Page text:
Sunday, September 18, 2011

Thumbs Up/Thumbs Down

On August 19, 1989, a homeless man was being pistol whipped in the Greyhound Station in Savannah, Georgia.  Officer Mark MacPhail of the Savannah PD was running to the scene, doing his job.
Serve and Protect.
Troy Davis
He never got there.  He was shot to death.  Troy Davis (that's him on the right) did or did not shoot MacPhail.  I don't know whether he did it or not.  Neither do you.  Maybe Troy does.  After all these years maybe he doesn't even know anymore.
Here's what I know, what anyone who's paid attention knows.
  • No physical evidence points to Troy.  None.  No DNA.  No fingerprints.  The gun hasn't been found.
  • He never confessed.  Not to the cops.  Not to the guys at the bar.  Not to a jailhouse snitch.
  • The case against him was made entirely through eyewitness identification by a series of lay witnesses.  
  • Along with various folks from law enforcement and related government types, there were nine other witnesses.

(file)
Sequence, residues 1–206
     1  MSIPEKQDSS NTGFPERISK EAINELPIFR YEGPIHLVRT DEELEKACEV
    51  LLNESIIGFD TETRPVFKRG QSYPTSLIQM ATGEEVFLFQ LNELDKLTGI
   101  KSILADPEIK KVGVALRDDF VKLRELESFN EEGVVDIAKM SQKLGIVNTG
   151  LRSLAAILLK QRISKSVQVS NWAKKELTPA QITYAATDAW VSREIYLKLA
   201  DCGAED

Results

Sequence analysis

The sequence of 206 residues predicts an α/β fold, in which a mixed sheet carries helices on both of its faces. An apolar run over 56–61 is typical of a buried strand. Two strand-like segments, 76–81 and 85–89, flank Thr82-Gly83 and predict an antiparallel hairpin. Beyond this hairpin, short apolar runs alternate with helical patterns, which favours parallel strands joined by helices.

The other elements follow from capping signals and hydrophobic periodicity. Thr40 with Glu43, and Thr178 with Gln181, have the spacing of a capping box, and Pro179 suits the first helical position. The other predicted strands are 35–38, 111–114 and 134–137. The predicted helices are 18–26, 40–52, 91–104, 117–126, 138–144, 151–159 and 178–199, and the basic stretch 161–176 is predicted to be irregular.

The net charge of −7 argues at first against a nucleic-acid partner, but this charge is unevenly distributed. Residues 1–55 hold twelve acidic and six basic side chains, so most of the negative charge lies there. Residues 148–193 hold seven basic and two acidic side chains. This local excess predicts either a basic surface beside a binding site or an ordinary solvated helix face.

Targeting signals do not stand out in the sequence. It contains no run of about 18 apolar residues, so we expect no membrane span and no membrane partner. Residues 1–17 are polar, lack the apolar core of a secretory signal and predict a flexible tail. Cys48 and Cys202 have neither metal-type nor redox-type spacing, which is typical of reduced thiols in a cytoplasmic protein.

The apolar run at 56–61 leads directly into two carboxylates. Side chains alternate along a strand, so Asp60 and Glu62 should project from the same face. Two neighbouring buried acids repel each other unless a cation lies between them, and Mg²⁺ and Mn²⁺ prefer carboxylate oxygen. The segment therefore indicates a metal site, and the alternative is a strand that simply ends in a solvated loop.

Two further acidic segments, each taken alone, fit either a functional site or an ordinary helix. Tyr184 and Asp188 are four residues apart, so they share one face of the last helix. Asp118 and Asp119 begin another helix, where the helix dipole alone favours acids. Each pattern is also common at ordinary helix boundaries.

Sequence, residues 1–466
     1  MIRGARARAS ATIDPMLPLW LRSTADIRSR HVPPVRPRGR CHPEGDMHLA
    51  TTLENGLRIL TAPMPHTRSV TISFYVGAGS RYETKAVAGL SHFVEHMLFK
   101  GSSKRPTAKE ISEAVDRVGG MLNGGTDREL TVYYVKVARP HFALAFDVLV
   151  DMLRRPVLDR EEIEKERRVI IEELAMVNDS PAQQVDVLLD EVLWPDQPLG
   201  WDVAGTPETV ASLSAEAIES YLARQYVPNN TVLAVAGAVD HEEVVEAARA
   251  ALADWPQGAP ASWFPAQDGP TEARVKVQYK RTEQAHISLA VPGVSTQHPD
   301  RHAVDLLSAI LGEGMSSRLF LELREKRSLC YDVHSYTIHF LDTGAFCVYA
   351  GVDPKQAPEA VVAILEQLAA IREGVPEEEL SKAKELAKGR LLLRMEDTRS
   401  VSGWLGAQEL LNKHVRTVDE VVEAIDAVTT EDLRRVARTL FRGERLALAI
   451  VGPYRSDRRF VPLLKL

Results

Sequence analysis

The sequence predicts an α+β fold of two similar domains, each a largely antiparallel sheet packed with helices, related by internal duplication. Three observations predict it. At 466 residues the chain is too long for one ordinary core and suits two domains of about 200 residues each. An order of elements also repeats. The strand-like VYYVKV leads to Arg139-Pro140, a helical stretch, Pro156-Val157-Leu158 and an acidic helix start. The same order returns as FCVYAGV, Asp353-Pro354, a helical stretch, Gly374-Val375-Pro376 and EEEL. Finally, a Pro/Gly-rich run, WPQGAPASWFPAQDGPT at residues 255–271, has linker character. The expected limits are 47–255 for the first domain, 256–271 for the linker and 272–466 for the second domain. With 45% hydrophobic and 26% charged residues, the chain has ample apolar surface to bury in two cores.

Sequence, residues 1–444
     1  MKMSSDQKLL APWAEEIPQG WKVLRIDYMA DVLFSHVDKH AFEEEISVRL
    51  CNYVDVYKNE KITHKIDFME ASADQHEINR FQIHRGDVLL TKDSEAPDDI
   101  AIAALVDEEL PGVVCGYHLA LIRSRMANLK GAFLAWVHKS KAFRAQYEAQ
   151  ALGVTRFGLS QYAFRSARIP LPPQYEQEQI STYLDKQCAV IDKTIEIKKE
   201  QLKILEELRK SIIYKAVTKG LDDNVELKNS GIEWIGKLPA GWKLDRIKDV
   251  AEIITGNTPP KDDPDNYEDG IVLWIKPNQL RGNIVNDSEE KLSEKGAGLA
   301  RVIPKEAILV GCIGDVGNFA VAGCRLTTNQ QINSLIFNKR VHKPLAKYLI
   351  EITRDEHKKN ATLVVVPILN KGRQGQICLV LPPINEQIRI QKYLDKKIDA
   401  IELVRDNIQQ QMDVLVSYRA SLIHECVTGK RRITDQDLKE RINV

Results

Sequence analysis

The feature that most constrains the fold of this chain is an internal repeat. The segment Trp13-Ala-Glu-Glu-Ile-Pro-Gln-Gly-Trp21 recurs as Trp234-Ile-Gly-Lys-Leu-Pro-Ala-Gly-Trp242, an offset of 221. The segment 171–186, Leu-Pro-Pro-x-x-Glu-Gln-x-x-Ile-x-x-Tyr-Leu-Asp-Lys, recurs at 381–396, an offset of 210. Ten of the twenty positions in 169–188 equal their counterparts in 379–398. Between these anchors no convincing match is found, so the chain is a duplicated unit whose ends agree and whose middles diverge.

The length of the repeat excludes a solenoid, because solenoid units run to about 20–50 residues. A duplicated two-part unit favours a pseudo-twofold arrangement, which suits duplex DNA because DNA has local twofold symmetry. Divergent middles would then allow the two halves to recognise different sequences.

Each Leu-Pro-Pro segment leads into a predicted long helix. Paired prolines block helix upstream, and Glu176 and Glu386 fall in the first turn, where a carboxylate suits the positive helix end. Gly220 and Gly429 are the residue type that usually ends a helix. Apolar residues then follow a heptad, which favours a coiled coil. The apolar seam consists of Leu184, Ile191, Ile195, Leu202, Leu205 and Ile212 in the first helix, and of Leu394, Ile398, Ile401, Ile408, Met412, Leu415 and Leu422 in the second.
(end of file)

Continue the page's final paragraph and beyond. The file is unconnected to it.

• Seven of those nine witnesses have recanted their testimony.  Several say they were coerced and intimidated by the cops into fingering Troy.
  • In the years since the killing, other witnesses have come forward.  Some identify the actual killer as on Sylvester Coles.
As I said, I don't know whether Troy Davis killed Officer MacPhail.  I don't know if he's ever killed anyone.  Neither do you.  Neither do the folks in the state of Georgia.  You know, the ones who plan to kill him Wednesday.
Monday the Georgia Board of Pardons and Paroles meets to hear Troy's case.  They can  let the killing go forward or they can stop it.  (In Georgia, the governor has no power to grant or deny clemency.)  Like you and me, the Board members don't know whether Troy did it.  But in their ignorance, there's one difference between them and us.
After they say that they don't know (or announce what they believe, but regardless of belief, they don't know), they can either say
Since we don't know if he's guilty, it's right that he should be killed.
or they can say,
Since we don't know if he's guilty, we can't allow him to be killed.
Whatever they decide, they won't put it so starkly, but it'll be that stark.
I know which way I'd vote.
Except, I'm not on the Board.

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